This was probably THE hardest book to read and review! (Sorry BookSneeze, I've been holding out on you!) I had to put it down numerous times for several reasons: boredom, disagreement, tough vocabulary that annoyed me, boredom, and did I say boredom... Now I know that every book I pick up shouldn't be all about pleasing me and keeping my attention, but this was a straight up struggle!
Charles Foster wrote The Sacred Journey as part of the Ancient Practices Series with the intention of explaining the theology and importance of pilgrimage and what it means when Jesus says, "Follow Me". He begins the book with a warning that he is probably going to offend the reader - and he did to some degree. For me, it came in chapter 2 when he took time to talk about how the term "Christian" had to go. In his words, "we've wrecked the word"... And though I agree with him to a degree, I'm not sure what that has to do with pilgrimage.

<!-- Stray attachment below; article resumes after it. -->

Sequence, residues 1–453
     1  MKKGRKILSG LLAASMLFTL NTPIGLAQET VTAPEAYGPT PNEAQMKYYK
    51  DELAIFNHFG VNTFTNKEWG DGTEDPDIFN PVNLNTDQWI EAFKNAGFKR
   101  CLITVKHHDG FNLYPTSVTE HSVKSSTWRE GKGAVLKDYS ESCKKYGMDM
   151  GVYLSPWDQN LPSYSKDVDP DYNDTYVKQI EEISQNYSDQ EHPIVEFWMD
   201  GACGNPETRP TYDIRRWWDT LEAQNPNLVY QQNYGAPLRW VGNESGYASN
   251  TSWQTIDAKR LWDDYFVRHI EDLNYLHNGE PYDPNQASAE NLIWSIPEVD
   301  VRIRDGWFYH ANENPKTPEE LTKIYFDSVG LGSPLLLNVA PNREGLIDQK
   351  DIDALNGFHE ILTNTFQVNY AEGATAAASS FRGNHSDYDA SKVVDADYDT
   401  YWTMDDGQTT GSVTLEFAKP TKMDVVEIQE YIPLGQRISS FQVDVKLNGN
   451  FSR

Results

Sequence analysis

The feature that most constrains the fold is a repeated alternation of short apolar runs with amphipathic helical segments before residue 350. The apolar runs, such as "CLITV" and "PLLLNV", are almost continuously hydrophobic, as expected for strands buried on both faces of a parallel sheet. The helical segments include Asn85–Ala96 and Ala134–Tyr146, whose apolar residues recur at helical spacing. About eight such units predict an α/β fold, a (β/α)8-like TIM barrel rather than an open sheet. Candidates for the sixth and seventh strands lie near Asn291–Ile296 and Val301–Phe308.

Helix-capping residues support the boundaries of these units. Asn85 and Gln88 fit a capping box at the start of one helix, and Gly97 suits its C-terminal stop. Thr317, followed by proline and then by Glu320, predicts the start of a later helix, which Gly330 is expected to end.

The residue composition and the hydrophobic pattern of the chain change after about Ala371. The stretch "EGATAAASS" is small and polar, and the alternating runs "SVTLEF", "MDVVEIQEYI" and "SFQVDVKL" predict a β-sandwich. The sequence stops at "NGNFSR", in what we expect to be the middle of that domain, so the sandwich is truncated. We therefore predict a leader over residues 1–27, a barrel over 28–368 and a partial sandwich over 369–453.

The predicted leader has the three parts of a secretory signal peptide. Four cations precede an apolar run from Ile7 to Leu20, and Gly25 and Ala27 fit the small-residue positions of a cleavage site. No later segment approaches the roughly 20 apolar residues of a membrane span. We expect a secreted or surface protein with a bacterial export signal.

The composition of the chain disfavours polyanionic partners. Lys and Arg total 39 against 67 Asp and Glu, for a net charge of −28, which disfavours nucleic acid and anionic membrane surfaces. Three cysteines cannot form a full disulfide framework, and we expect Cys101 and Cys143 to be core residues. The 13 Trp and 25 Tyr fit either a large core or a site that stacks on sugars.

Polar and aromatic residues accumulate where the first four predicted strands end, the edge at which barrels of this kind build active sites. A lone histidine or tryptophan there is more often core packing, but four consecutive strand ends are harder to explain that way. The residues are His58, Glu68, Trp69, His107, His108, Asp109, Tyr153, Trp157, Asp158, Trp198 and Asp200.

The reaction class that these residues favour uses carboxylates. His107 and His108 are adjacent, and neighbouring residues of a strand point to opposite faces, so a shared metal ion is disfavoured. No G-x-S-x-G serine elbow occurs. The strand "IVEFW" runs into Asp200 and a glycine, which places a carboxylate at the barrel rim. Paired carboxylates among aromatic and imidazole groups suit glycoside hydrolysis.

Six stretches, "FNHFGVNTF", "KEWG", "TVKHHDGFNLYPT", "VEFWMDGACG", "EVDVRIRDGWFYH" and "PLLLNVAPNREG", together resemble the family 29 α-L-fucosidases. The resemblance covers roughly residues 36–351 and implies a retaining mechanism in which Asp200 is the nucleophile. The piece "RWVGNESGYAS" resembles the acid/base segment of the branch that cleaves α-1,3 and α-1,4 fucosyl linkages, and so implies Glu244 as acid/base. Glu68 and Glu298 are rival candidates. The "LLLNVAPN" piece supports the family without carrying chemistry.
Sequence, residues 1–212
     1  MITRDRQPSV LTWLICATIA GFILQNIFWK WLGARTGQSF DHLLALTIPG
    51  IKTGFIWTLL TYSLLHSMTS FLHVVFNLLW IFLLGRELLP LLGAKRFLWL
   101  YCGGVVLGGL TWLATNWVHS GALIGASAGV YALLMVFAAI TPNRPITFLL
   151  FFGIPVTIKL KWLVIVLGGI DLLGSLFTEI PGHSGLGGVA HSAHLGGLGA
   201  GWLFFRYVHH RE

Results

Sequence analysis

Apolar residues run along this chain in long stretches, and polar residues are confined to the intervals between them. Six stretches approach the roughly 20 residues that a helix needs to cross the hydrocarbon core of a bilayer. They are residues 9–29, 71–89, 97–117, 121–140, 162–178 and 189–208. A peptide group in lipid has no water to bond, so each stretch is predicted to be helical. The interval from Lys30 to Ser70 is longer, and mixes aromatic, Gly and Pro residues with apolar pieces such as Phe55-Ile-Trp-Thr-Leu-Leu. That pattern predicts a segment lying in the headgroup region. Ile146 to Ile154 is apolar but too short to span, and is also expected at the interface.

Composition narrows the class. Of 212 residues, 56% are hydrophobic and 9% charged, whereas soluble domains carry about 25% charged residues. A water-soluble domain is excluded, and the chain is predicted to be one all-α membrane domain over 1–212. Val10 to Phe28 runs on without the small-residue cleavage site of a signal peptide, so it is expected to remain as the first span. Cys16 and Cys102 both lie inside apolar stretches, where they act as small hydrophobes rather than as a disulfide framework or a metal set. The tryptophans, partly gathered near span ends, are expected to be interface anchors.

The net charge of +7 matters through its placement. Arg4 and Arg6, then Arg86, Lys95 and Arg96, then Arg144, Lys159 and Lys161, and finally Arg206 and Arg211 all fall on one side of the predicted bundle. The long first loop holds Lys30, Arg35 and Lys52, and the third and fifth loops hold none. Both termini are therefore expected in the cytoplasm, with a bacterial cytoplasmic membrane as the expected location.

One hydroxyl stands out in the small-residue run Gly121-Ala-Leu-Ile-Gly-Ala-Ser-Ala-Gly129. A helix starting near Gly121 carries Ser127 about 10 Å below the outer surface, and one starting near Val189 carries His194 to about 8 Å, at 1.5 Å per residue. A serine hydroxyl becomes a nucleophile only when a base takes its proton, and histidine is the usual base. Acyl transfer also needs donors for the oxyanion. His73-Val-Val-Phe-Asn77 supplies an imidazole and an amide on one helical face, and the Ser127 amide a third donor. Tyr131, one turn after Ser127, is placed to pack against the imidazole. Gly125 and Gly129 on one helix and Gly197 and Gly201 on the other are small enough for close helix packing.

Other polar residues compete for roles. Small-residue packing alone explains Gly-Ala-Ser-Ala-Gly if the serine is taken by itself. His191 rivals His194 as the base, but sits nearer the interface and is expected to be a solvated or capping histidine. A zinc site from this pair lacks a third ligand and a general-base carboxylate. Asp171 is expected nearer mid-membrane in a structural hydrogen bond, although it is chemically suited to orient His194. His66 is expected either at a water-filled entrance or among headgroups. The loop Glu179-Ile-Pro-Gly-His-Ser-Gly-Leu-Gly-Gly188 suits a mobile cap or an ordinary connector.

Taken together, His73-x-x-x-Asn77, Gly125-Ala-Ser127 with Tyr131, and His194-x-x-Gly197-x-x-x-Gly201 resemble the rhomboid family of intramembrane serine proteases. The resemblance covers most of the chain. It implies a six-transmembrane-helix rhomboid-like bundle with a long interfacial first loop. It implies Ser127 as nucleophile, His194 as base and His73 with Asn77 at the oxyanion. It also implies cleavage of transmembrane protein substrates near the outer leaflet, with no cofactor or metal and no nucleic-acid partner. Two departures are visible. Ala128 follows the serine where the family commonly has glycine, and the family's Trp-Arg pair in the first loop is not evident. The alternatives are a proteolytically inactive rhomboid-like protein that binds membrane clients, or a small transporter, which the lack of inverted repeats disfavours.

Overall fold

Foster does do a good job at recounting the historical pilgrims from Scripture including Cain & Abel, Abraham, Mary & Joseph, the Disciples, and of course, Jesus. He also recounts many of his own stories and times as a pilgrim, a wanderer. This book isn't so much about the "how to's" in becoming a pilgrim but more about the importance and the difficulties of the practice of pilgrimage. He explains the basics of going on a pilgrimage - like leaving all the excess behind. Foster reminds us that pilgrimage isn't about hoping on a plane and heading to a far away place that holds some sort of Biblical significance - while that might be part of it - it's a process, a physical one and a spiritual one, and most importantly, it's a way of life. I will say that I agreed with him as he shared about the difference between a pilgram and a tourist.
If you want to read it, go ahead - but be forewarned - it's different and challenging on many levels. But that's just my personal opinion.
*This book was given to me by BookSneeze, a blogging program by Thomas Nelson Publishers. I was not required to write a positive review, obviously. The opinions I have expressed are my own.